|Ponting would not be human if he wasn't right now feeling anxious about his legacy. The man who mucked it up, two times, that's how history will recall his captaincy, and he knows it is neither cliché nor mischief to say so|
Fragments of these lessons from yesteryear might now be bobbing in and out of Ponting's consciousness. Already he has given up Twenty20 internationals. That leaves him playing matches of five days and 50 overs. "These days," he yawns in his latest Captain's Diary, "the middle overs in a 50-over innings are often boring" - and the middle overs are when Ponting does most of his batting! Has he looked at Australia's upcoming schedule?
"The bastards won't get me the way they got Bill," said Ian Chappell to his wife on the night he assumed the Test captaincy.
Thirty-five ODIs in 24 cities in 198 days: what a way for the bastards to get Ricky.
His recent 78 in the Headingley Test, a masterpiece of boot-a-dog-when-its-down belligerence, proved he remains Australia's most dangerous batsman. That's one good reason for staying. It is also a reason to leave, with head and average held high.
Whatever good comes now will never outweigh the bad that's already been. He can win another World Cup - but what's three worth, when you already have two? He can wrestle back the Ashes. He's done that before, in 2006-07, as well. He won't ever be loved, not as skipper, not by the cognoscenti. "Average captain," is Neil Harvey's on-the-record assessment. "Shit at the captaincy," is Jeff Thomson's. The more softly held views of the rest tend to land somewhere in between. When Steve Waugh was chaired round the SCG on his dragged-out, hanky-waving farewell lap, Ponting stood 20 metres away, hands behind back. Hard to imagine him craving a farewell lap of his own.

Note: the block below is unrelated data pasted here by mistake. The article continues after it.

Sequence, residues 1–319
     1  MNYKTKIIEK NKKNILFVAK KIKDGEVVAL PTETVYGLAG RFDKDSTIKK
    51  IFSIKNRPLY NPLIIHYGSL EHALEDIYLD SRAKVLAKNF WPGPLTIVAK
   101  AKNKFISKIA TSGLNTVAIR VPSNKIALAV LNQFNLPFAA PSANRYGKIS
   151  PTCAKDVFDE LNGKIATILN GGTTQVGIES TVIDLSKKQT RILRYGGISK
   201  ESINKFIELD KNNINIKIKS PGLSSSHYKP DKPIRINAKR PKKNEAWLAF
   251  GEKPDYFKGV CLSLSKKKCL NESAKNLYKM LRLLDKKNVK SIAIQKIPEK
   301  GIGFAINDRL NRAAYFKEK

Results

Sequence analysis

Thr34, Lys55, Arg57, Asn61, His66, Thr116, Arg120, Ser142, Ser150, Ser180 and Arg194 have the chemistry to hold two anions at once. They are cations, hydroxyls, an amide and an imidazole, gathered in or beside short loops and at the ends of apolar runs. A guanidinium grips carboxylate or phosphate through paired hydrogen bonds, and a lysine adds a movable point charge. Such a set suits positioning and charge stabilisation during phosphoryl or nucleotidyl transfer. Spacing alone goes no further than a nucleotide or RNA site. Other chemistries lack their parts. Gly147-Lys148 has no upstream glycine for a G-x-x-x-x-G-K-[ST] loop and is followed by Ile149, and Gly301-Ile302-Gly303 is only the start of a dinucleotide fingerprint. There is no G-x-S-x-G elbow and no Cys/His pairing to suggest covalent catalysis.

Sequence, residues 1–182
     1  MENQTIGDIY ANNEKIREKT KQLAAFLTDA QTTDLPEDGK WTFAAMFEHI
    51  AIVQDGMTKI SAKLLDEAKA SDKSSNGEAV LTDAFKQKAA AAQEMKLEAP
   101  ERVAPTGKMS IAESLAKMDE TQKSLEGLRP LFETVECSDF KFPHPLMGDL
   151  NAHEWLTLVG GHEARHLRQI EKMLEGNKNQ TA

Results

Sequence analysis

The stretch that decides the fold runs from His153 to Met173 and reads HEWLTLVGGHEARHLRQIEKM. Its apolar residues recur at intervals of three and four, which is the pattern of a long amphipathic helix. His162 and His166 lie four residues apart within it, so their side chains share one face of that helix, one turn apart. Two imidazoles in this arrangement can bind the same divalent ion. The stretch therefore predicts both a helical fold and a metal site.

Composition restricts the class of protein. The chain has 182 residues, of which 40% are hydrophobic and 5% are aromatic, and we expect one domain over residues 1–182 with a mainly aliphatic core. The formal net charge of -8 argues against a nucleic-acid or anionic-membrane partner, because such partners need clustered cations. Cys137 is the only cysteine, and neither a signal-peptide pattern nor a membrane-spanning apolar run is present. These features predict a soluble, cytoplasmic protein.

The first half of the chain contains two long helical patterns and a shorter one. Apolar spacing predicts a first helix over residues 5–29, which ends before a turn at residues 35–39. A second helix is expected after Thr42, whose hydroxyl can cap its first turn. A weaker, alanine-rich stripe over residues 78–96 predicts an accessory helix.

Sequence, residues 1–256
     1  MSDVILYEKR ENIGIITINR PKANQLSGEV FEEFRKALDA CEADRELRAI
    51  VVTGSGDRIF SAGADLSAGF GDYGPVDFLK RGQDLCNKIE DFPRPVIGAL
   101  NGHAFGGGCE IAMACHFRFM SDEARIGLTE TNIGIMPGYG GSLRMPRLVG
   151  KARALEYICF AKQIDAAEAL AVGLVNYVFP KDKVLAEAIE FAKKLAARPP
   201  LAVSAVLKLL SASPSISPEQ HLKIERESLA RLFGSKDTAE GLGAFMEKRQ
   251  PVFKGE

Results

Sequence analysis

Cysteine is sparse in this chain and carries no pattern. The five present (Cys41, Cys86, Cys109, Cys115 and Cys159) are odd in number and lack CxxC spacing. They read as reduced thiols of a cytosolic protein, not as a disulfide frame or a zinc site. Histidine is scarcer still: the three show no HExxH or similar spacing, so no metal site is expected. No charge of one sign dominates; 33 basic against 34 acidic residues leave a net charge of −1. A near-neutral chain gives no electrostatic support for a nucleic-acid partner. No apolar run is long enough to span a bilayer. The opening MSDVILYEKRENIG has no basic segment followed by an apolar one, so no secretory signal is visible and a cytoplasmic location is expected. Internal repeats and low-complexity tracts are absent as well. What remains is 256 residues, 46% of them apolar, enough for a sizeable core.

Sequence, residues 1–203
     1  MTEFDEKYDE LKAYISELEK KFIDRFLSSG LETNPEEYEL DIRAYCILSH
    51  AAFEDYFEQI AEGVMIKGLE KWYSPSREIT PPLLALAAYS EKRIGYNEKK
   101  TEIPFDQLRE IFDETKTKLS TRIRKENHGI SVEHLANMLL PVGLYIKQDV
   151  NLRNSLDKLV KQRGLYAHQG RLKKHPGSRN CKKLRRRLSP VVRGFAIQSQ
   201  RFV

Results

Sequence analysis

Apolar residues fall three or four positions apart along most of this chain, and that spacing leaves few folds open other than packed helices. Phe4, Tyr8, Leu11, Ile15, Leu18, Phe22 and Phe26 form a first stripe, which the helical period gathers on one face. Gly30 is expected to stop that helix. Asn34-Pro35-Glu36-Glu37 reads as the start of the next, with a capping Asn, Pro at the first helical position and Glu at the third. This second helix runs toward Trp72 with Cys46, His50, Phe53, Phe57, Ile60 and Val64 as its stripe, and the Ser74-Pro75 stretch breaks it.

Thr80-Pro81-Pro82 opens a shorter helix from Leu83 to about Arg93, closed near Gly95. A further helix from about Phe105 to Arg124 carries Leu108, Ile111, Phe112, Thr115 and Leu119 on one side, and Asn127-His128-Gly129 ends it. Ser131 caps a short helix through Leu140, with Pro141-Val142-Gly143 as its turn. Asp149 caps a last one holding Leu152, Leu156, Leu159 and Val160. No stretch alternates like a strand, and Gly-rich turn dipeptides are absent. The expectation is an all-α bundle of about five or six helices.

There is no clamour here for his head. No altogether satisfactory successor lies in wait. In some ways the question scarcely bears thinking about; some days he must think of little else - what point in continuing?
Money? Heck yes, more and more of it every ad break. Engine oil, deodorant cans, fried chicken, bats, milk, sunglasses, Xbox games, multivitamin pills, Swiss watches… thus is the transformation from Punter to Plugger to the Endorsinator complete.
But how much more does the man who has nearly everything - including Allan Border's run record - need? A shiny, spotless perch in all our memories? Too late for that. Why not just go?
Christian Ryan is a writer based in Melbourne. He is the author of Golden Boy: Kim Hughes and the Bad Old Days of Australian Cricket, published in March 2009Feeds: Christian Ryan